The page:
How did your prepare for this deal and what was the key to your victory?

The main factor that laid the groundwork for this contract was certainly the competitive advantage that our aircraft offer. Interjet is one of the largest airlines in Mexico, carrying around 8 million passengers per year. The company bills itself as a low-cost airline that offers a high level of comfort. The SSJ100 is particularly well suited to meet these requirements. In addition, it offers great economy in terms of operational performance – its operating costs are approximately 10% lower than the competition. Furthermore, the SSJ100 and its control systems offer a high level of in-flight safety and are reliable during takeoff and landing.

We also offered attractive terms of financing under this deal. Russia’s Vnesheconombank provided financing in the framework of an international syndicate that included Deutsche Bank and Natixis. Insurance coverage was provided by Russia’s EXIAR, Italy’s SACE, and France’s Coface. Finally, our bid was structured to include an extensive package of aftersales services.

To sum it up, what won the Mexican contract was an integrated product that included the SSJ100 jet, a competitive financing package, and aftersales support. Interjet has already been operating our aircraft for a year and their experience shows that they made the right choice. Today, we are working on converting the option to build 10 more aircraft.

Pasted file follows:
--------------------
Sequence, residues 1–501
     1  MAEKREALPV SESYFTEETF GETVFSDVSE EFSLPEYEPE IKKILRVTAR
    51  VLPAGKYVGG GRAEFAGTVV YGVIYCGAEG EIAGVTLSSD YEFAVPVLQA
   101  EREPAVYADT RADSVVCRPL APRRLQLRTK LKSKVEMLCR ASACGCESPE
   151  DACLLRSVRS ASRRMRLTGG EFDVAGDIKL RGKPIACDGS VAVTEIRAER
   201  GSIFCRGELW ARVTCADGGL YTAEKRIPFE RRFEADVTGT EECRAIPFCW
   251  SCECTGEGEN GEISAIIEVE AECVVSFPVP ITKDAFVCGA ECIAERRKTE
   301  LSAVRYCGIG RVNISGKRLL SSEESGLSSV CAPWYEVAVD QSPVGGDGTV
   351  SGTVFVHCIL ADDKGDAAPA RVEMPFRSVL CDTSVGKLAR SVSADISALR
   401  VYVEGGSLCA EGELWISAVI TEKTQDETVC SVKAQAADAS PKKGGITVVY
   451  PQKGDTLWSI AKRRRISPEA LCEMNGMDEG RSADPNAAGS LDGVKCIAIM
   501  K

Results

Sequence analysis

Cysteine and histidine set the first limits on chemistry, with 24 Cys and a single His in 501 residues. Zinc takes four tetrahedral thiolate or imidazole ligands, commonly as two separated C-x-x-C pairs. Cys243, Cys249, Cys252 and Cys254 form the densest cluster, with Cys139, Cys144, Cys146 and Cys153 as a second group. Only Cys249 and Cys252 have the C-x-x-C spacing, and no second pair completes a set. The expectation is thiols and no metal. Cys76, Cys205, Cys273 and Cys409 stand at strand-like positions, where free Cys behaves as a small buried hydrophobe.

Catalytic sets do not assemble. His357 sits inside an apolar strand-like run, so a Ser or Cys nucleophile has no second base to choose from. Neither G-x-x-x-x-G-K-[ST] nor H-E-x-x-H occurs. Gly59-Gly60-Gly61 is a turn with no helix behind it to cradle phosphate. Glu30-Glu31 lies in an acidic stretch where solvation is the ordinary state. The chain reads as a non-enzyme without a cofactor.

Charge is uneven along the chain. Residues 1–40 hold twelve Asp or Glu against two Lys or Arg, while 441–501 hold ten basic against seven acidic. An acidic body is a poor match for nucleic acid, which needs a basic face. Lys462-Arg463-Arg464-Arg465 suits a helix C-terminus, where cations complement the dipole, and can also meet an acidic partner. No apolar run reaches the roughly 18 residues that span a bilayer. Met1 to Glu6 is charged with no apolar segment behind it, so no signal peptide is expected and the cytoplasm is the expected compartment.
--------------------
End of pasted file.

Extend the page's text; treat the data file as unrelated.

One way or another, stakes are very high when it comes to competition in the regional aircraft sector. In the short term, the SSJ100 will have to compete with several new products, including the Brazilian Embraer 190E2, the ARJ-21 from China’s COMAC, and the Bombardier C Series. What do you think your competitive edge will be?

Even if we look at some very promising products offered by Canadian and Brazilian companies, the SSJ100 already offers a competitive edge when it comes to operating expenses – it is 5% and 9% cheaper on a per flight basis than the E190E2 and the Bombardier CS100, respectively. What also plays a key role is that our aircraft is already on the market, as opposed to the above-mentioned models, and we are continuing to grow its production. The release of the C Series, on the other hand, is delayed until 2015 due to numerous schedule overruns and the E190E2 is not expected to arrive until 2018. As for the ARJ21, the Chinese aircraft is currently going through a certification process.


BRICS Business Magazine Dossier